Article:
But at the end of this - this, all of this, is people helping people. That's what's happening - it is people who have chosen - because of their own lives, because of what they see, because of where they feel called in life - to help somebody else. If they can't do it because they can't afford to do it, then there's no help. I'm a big fan of technology, I think technology can do cool stuff - but you ask people how they got into stable recovery, it's not an app. They work with other people who've been on that journey, who can talk with them about it, who can be like, "Yeah. I know it's very hard actually." When we don't provide for that kind of support, when we create through our staffing models such incredibly high turnover, the reality then becomes that you're never able to build a relationship. You can never have that honest conversation. The first time I wanted to have a conversation about like, "I think I might have some very serious mental health problems." - I had to work up to - there was a lot of trust, there was a lot of like, "Oh, maybe I'll flirt with telling someone, maybe I won't." All of these things take time and trust to disclose, to begin to actively work on. We have created these positions that have such high velocity of turnover that no one can build the trust. No one can hold those relationships.

And so, so much of what I'm trying to do and what my team is trying to do is - honor the fact that it's the relationships that do the work. And to turn this system into one that is relationship-oriented instead of always focused on these transactions. I guess, the last thing I would say is just that, in that vein, I think it's really critical that we be clear that this is not just some wacky notion I have. The first paper on the impacts of staff turnover on housing the chronically homeless came out in like 2010, I think. And noted that an initiative that the Feds started in 2003 to end chronic homelessness didn't get that done - largely suffered, largely suffered, because the implementation sites couldn't maintain staff. I mean, this is a question of, do we actually want to do this or not? The path is bright and clear. There are no tremendous unknowns. It's just a question of, do we actually care? Or is it just a thing that it makes us feel good to talk about?

[00:28:26] Crystal Fincher: Right, or feel good to fund and not actually be concerned about the end result, which is what I feel like we set ourselves up for sometimes by saying, "Okay, we have a great appropriation. Boom, here, let's go. Solve it, Marc."

But I also think it's helpful when we talk about service providers - I think some people envision this system of people and, "Hey, let me look up - someone needs shelter, let me dial up the shelter directory and ooh, I can see on my screen, there's a vacancy there. Let me send them here," where there is no cohesive system. We're talking about nonprofit organizations, we're talking about mental health and health organizations, we're talking about a huge hodgepodge of charities, nonprofits, health and mental health service providers who have some joint contracts, some individual contracts, but really it's just this patchwork of things all over the place. And I don't even - I think it was en vogue for a while to talk about - well, we just need a streamlined dashboard to have everybody just on the same page and see. I mean, that's been tried and has failed and several iterations in several places - because there are so many different providers. It just seems these are not people on one standard system, one standard way of doing things.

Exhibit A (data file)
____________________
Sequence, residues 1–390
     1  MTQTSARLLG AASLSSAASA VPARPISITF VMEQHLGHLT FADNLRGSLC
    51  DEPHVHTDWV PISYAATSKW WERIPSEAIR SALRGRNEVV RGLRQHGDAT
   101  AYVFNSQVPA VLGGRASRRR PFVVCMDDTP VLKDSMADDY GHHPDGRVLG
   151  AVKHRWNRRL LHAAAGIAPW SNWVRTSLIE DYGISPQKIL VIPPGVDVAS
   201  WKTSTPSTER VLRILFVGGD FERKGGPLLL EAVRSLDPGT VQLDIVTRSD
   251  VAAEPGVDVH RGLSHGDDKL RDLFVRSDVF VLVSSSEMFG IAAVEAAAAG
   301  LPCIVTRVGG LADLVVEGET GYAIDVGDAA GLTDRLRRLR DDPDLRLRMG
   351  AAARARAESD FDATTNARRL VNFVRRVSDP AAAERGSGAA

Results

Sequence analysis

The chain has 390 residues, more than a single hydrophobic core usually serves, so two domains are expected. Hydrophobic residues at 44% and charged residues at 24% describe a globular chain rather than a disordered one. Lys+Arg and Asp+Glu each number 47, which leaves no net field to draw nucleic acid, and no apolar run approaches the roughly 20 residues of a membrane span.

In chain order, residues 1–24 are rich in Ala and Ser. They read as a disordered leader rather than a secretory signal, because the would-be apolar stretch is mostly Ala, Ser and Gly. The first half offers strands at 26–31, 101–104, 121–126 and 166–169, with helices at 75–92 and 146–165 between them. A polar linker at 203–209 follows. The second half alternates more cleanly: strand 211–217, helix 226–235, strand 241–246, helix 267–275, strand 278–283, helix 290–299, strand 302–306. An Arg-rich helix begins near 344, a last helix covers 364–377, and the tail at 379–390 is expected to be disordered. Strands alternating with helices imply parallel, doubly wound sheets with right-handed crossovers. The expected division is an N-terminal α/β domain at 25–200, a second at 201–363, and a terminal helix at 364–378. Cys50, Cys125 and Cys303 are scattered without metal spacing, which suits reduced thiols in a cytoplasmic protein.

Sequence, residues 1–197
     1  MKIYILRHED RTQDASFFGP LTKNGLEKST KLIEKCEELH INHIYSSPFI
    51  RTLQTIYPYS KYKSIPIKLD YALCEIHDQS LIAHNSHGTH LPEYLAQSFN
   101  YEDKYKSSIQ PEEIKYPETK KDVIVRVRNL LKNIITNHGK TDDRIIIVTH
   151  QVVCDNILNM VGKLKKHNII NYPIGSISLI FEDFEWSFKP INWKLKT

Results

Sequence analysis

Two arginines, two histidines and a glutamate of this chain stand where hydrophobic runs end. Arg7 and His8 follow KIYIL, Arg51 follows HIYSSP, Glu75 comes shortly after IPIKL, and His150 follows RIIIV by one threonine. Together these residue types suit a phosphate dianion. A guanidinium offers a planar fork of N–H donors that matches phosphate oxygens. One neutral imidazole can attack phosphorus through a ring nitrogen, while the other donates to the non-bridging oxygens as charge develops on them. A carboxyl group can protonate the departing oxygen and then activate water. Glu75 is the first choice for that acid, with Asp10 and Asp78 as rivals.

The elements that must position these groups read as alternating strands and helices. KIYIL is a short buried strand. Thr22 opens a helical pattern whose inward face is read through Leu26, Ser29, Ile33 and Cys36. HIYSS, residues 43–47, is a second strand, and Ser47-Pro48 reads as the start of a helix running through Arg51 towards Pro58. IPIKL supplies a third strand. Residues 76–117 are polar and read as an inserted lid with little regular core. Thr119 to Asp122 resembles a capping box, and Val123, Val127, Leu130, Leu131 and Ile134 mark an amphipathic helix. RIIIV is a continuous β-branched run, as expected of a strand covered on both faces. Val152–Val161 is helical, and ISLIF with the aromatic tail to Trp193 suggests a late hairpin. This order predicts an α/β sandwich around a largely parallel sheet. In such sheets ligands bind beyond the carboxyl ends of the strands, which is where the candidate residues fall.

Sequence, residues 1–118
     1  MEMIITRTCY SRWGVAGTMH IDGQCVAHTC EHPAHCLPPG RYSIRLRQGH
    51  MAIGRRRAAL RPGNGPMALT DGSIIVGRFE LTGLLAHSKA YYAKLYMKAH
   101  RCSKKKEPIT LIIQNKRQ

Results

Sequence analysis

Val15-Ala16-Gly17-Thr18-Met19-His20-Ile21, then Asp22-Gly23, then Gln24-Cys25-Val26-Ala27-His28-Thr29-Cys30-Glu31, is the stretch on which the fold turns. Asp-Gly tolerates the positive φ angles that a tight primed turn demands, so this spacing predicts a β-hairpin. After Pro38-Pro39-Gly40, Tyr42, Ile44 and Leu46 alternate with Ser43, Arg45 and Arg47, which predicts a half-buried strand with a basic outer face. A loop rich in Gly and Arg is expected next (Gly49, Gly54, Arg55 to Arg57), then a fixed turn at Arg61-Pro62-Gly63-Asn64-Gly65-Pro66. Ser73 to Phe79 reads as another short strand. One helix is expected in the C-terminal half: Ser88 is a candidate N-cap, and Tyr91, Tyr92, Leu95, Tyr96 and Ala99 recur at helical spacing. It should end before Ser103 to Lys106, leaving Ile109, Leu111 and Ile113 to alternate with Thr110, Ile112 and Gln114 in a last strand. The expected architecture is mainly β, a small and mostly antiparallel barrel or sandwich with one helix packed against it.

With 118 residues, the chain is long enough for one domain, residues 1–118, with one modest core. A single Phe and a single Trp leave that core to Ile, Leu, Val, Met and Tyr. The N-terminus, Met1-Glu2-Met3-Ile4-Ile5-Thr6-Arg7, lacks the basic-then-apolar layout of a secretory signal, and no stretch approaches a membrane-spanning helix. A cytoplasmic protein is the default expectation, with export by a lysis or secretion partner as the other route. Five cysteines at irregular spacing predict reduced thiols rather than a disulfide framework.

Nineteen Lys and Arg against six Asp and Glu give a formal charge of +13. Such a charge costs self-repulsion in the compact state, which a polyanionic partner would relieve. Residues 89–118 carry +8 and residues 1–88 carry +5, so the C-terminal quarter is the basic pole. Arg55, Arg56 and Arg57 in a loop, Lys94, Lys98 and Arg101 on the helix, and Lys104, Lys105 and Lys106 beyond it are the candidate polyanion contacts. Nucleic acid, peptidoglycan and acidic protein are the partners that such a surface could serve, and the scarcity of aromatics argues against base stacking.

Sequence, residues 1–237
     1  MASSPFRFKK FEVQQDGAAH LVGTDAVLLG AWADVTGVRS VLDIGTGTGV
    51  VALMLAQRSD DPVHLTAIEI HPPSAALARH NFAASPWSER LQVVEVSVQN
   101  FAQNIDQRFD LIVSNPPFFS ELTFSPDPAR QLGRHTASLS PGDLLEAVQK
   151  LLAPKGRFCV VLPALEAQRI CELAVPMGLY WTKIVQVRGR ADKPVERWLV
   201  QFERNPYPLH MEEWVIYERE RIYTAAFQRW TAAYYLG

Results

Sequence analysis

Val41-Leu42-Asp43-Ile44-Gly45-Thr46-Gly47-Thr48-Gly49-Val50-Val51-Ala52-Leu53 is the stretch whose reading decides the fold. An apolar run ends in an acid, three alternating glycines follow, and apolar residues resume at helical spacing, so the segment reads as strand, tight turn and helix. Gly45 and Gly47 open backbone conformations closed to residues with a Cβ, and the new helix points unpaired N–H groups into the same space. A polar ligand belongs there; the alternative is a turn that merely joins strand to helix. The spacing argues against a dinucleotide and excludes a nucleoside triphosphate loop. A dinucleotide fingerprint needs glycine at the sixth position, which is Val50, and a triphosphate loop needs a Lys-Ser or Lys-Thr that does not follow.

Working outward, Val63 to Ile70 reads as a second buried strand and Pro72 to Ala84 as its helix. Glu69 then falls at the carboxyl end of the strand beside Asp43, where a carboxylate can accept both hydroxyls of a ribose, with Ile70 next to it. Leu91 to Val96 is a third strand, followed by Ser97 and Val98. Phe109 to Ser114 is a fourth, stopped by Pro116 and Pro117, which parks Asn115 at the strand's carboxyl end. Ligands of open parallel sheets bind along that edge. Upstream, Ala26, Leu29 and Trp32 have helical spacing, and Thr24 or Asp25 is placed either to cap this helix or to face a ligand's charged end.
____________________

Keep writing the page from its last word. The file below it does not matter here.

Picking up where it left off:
But to that, these organizations have a model that is really not able to handle what is being asked of it. Unless those models change, it seems pretty apparent - unless frontline workers are paid more - we're asking them to de-escalate and mediate more than police officers and firefighters do. They're doing it oftentimes with more trauma behind them if they have lived experience. And being asked to do it while living in poverty - which doing anything and everything while living in poverty is harder. Also, these organizations are understaffed, so you have people making minimum wage who are also doing the job of two and three people and being asked to do as much as they can bear until they burn out. Until we engage with that - and there have been some conversations within some organizations - but it seems like until there's a much wider conversation about that and acknowledgement of that and pressure to address the needs that we have today in our system, that it's not a realistic expectation that if we provide the money or if we - certainly, money can do a lot in a lot of different areas, especially if we just give it to people directly. But for looking at the system of service providers, we really have to ask - if your model is not working today, then what is it serving and who is it serving? How do we reorient that towards the people who actually need the help the most? I really hope we have more of that conversation among here.

I guess, looking forward, what do you think it's going to take to help some of those conversations along? Have you seen progress in any areas, or any models that can be followed for looking at how to align our provision of services to the actual needs of the people who need shelter?